By Patrick B. McGuigan | Oklahoma Watchdog
OKLAHOMA CITY — When Vice President Joe Biden took a stab at Robert Bork in Thursday’s vice presidential debate — referring to him and Justice Antonin Scalia as “far right” and chiding Republican presidential candidate Mitt Romney for making Bork an adviser on judicial issues — it brought back several memories, including this: Biden was for Bork before he was against him.
President Ronald Reagan’s first nominee to the U.S. Supreme Court vacancy created when Justice Lewis Powell resigned in June 1987, then-U.S. Appeals Court Judge Bork seemed a lock for Senate confirmation. The term “Madisonian” — in tribute to the father of the U.S. Constitution, James Madison — was often used to characterize Bork’s approach to judicial construction.
Commenting on Bork’s stature and intellect in 1986, Biden said, “If Judge Bork were to replace (Justice William Rehnquist) or to replace … Scalia, I would have no problem. I’d have to vote for him, and if the (liberal) groups tear me apart, that’s the medicine I’ll have to take.”
At that time, Bork’s considered views on legal policy, from his scholarly writings and five-year tenure on the U.S. Court of Appeals for the District of Columbia, were deeply respected among conservatives and many liberals.
Biden voted for Bork and Scalia, when they were nominated to the appeals court. And, he was part of the 96-0 unanimous confirmation given to Scalia, when Reagan named him to the U.S. Supreme Court in 1986.
In the November 1986 elections, Democrats retook the U.S. Senate, making Biden chairman of the Senate Judiciary Committee.
As conservatives like me in the judicial reform movement encouraged Reagan to nominate Bork to take Powell’s place, Bork’s enemies assumed he would be the choice and were organizing a massive campaign. The left captured the momentum early in the Bork confirmation process and never really lost it.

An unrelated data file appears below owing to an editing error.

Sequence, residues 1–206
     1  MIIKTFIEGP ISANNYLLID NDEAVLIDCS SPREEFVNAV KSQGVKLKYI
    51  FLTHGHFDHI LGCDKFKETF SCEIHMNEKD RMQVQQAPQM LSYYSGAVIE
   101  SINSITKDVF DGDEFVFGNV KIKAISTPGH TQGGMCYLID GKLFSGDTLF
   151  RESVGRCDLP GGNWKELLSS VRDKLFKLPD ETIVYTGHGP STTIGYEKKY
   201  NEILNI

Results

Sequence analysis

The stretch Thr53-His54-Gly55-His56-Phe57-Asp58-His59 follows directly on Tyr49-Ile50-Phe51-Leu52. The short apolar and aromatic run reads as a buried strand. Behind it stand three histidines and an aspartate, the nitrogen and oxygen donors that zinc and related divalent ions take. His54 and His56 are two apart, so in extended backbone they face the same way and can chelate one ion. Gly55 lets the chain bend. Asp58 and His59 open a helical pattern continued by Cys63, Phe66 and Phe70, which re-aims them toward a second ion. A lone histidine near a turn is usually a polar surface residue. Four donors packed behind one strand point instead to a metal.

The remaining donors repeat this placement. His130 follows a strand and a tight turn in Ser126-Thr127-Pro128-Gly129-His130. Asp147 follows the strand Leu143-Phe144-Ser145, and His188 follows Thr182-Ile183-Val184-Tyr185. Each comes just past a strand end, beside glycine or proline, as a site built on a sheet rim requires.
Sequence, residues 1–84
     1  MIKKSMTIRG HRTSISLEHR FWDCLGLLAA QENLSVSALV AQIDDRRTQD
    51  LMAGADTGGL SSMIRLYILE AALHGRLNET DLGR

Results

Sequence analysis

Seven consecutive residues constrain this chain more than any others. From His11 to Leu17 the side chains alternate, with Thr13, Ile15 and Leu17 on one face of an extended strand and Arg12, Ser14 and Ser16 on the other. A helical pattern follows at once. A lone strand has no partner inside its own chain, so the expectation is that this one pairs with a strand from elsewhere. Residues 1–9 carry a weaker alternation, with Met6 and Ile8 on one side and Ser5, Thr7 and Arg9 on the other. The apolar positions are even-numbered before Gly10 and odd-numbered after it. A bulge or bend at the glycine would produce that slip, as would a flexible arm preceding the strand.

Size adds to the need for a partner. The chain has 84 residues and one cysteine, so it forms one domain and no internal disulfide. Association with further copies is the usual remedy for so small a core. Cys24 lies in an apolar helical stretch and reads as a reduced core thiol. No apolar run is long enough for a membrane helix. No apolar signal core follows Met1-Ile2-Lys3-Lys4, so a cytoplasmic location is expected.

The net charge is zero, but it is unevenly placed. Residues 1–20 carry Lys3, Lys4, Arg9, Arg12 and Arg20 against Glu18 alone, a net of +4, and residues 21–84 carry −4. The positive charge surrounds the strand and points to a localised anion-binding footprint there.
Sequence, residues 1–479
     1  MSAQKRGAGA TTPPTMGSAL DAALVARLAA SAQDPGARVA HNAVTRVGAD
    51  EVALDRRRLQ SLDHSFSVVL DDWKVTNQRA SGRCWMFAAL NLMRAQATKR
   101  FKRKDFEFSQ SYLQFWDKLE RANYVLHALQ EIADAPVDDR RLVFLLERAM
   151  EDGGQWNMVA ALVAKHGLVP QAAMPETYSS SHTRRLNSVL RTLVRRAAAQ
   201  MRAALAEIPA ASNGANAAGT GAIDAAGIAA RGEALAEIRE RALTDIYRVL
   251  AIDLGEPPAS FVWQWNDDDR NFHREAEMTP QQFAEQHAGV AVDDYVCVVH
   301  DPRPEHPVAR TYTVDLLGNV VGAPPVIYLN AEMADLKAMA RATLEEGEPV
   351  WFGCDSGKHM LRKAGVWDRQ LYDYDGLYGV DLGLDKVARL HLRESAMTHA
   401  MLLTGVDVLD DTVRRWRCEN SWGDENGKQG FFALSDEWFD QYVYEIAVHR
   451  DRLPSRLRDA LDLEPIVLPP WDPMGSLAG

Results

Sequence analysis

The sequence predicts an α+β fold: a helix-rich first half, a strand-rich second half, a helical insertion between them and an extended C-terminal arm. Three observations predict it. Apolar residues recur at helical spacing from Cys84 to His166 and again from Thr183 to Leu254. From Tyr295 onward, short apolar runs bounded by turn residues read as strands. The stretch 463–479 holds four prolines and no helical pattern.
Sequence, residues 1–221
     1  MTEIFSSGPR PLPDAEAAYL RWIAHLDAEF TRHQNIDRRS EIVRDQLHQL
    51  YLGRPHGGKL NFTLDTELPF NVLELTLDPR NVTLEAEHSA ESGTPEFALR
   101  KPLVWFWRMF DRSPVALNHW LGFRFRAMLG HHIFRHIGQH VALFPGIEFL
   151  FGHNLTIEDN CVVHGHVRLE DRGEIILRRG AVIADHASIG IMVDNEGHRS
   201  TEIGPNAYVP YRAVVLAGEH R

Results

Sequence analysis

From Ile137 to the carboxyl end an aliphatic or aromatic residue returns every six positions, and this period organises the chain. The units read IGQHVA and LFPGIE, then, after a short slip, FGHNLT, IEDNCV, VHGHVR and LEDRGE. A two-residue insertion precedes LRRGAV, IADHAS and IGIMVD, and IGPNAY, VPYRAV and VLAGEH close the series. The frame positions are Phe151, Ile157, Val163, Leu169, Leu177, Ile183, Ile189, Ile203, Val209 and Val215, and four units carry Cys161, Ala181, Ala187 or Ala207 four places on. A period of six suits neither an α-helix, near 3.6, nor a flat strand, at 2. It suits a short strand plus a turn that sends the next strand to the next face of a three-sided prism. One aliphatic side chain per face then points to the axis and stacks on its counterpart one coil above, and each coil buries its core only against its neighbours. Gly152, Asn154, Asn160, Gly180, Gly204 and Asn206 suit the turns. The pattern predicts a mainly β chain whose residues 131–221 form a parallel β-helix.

Then-U.S. Sen. Biden changed his tune, declared he did not want the “balance” of High Court altered, and became a leader as Senate Democrats plowed what George Will called “fresh ground in the field of partisanship.”
On the morning of July 2, 1987, the Delaware solon met with a quartet of anti-Bork activists and promised to do everything in his power to defeat the nominee. However, he told them he would not make his opposition formal until after committee hearings.
One of Biden’s next steps in preparing for the Bork hearings was to assure the formal process did not begin until the fall, buying time for his allies as they organized the most expensive — $10 million — negative advertising campaign in the history of American judicial confirmations.
In consultation with specialists in visual media, Biden also changed the physical arrangement of the committee room, and the positioning of the broadcast media, so that television cameras focused on the nominee from an unfavorable angle.
When Bork appeared before the committee in September, the result was what has been characterized as “hearings, not listening.” Opposing senators presented lengthy and argumentative questions, with embedded “sound bites” designed to frame his views in the worst possible light.